Jacki and Gilbert Cisneros may now live in a big house in Newport Beach, but they have certainly not forgotten the working-class Latino neighborhood that has been part of their family for generations.
- Is This Week's Best-Dressed Star a Little ... Snoozy?
- Angelina Jolie: 'This Was the Right Thing to Do For Our Family'
- Ashley Hamilton Opens Up About Eating Disorder
- Ancient Creature with Scissor-Like Claws Is Named After Johnny Depp
- Christoph Waltz Rushed Off French Talk Show After Sounds of Gunfire
After all, Pico Rivera, Calif., is not only the place where the couple traces its roots, but also where Gilbert purchased the winning Mega Millions lottery ticket that netted $266 million a year ago, making national headlines. The couple could have moved away and spent their millions on themselves, but they want to give something back to a town that has given them so much.
Thus, alongside Hispanic Scholarship Fund president Frank Alvarez, the wealthy couple announced on TODAY Tuesday that they are providing substantial scholarship money to benefit students from Pico Rivera. With a gift to the Hispanic Scholarship Fund that will run into seven figures over the next five years, the couple want to give students at the town’s only high school, El Rancho High School, the financial assistance to achieve their dreams of attending college.
‘A family commitment’
“Kind of reflecting back on my own life and when I went to college, my parents, I knew, would support me in whatever decision I would do, but there was no push towards college,’’ Gilbert Cisneros told TODAY’s Ann Curry. “There was no college fund. I kind of knew that I was pretty much going to have to do it on my own. Luckily for me I was able to receive a scholarship that enabled me to go on to college.
“Now that we have the means to do some good, we kind of want to give other students that same opportunity.’’
Jacki Cisneros, whose grandfather is a former mayor of Pico Rivera, told Curry that they hope to assist hundreds and possibly thousands of students over the years by working with the Hispanic Scholarship Fund. The Cisneros’ gift aims to provide 50 scholarships of $2,500 each to students from El Rancho starting in 2012 while also contributing to community outreach programs designed to encourage post-secondary learning.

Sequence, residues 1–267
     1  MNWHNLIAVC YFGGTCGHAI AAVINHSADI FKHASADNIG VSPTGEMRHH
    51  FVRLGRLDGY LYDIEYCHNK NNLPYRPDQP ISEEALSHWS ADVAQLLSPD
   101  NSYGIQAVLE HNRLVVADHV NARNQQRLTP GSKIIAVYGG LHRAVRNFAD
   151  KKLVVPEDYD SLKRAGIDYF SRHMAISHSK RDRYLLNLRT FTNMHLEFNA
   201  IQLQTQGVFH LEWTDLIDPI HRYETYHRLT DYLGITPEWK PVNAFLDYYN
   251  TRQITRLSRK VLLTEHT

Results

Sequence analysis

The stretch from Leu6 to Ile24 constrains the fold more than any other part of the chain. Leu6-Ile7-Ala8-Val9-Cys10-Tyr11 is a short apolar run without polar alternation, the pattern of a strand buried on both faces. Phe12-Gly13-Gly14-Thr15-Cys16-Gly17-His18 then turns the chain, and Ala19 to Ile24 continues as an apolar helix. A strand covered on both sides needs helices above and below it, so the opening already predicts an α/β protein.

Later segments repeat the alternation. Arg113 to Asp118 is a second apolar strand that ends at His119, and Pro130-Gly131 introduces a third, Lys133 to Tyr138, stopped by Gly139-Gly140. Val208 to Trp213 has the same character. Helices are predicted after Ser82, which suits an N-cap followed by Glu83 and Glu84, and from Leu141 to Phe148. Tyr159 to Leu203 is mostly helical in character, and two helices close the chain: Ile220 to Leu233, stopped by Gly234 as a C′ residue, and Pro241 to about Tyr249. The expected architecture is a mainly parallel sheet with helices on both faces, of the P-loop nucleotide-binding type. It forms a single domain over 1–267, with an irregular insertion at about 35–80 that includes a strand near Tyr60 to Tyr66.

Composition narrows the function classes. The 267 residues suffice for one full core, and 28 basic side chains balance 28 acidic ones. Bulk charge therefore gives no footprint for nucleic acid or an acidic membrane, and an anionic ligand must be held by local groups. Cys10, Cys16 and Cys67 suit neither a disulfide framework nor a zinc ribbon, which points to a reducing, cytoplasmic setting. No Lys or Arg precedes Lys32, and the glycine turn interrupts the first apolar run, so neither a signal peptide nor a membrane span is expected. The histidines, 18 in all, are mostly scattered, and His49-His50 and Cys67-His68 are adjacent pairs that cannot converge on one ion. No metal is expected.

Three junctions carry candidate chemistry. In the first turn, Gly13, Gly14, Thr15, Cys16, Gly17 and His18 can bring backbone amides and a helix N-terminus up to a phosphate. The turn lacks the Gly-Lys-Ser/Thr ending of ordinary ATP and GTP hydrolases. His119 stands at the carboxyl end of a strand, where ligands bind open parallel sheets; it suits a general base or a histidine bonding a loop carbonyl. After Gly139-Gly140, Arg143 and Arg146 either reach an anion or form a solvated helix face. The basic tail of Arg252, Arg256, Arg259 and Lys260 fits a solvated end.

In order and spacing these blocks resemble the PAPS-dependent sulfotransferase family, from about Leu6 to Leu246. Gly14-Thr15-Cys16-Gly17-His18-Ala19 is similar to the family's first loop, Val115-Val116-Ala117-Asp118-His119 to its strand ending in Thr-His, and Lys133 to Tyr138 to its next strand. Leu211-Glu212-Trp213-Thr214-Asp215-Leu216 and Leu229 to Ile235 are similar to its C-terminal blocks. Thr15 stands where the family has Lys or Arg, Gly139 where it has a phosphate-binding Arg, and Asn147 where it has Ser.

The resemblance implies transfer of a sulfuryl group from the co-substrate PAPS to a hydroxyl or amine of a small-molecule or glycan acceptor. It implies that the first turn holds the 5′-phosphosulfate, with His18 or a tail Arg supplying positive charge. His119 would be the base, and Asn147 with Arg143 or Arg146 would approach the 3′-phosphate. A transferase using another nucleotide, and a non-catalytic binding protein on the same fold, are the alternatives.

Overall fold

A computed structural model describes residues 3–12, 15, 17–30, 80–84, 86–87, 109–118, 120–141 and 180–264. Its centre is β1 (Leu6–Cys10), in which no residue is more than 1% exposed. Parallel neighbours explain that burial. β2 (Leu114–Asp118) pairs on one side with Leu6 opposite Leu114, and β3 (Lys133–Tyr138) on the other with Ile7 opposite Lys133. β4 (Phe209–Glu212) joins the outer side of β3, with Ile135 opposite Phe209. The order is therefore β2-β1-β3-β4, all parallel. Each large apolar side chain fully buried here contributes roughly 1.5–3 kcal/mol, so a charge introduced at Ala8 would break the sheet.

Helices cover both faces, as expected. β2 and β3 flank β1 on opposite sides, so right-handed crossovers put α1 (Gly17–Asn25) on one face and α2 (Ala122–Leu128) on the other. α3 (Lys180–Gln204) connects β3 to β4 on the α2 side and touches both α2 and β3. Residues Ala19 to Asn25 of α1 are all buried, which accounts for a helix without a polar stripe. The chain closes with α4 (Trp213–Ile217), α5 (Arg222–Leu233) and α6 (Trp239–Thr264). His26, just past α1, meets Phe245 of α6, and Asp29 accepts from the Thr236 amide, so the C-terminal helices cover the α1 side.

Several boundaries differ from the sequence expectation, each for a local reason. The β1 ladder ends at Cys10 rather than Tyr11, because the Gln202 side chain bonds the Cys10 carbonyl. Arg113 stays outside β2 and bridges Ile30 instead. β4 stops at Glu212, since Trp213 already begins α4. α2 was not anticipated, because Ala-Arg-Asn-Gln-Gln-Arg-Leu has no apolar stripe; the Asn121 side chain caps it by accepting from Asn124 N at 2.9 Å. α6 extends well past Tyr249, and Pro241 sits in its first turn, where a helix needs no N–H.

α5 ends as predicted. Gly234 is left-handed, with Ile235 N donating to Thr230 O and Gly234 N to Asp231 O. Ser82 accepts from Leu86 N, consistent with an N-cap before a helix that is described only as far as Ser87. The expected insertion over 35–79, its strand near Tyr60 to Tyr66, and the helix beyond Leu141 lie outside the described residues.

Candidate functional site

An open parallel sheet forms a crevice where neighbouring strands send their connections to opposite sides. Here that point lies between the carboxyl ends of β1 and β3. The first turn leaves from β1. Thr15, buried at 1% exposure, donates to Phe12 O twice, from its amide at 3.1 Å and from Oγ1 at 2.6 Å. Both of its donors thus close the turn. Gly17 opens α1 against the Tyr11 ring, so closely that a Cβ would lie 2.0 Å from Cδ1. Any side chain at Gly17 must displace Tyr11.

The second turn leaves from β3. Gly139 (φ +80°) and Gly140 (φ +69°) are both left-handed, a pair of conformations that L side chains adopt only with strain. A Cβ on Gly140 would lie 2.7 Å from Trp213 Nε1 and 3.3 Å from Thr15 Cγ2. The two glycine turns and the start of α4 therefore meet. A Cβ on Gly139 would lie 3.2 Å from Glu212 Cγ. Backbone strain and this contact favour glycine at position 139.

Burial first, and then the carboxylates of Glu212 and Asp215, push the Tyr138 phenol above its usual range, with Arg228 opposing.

Related: $266 million lottery winner is keeping her job
Pico Rivera also will be at the front of the nationwide “Generation First Degree’’ campaign by the Hispanic Scholarship Fund, which is pushing for a college degree in every home for Hispanic students.
Finally, the Frank Terrazas Legacy Scholarship Program will be created in honor of Jacki’s grandfather as an endowment that will provide scholarships to future El Rancho students.
“Going to college and getting your college education is a family commitment,’’ Gilbert Cisneros told Curry. “Everybody has to be involved. You can’t just put it in neutral and hope your kid goes in the right direction.
“We want to get the family support in there, so there’s a program in there to help families understand the importance of college, and what it would mean.’’
All told, the Cisneros’ scholarship gift totals more than $1.25 million over the next five years.
“I knew that getting a college degree in every household in Pico Rivera, which is the goal of these wonderful people, is not going to only change the lives of the student, but the entire family and the generations to come, so I was elated,’’ Alvarez told Curry.
El Rancho High School has a graduation rate of more than 90 percent, but many students do not have the financial means to continue their education.Video: Lottery winners start scholarship fund (on this page)
“We dream big,’’ El Rancho senior Daniella Lopez told NBC News. “We dream of schools like NYU and big schools that we want to go to. Sometimes we can achieve that because of our intelligence, but we’re hindered by [the fact] that we don’t have money to go to it.’’
The Cisneroses want to ensure that students like Lopez and other seniors are allowed to earn that college degree and not wonder what might have been, like 1994 graduate Sergio Silva.
“I lacked resources and family support,’’ Silva, who did not attend college, told NBC News. “I didn’t have the proper guidance, I think. I was three classes away from transferring, and I just stopped going.’’Video: $266M lottery winner ‘just kept working’ (on this page)
While the population of El Rancho is largely Hispanic, the scholarship fund is open to all students, not just Hispanic ones.
The Cisneros couple made national headlines last May when Gilbert purchased 10 Mega Millions tickets, including the winner, while picking up dinner at L & L Hawaiian BBQ in Pico Rivera. Their blue-collar roots immediately showed, as Jacki continued to go to work at her job at KNBC in Los Angeles despite the life-changing financial windfall.
It was the eighth-highest total ever won in Mega Millions history, and it came thanks to Gil’s unwillingness to pay for parking to get Mexican food downtown. He opted for L & L Hawaiian BBQ instead, and ended up purchasing the winning ticket.
The odds of buying that ticket were 175,711,536 to 1.
Thanks to Cisneros and his wife, the odds of seniors at El Rancho High School moving on to college just dramatically increased.
© 2013 NBCNews.com Reprints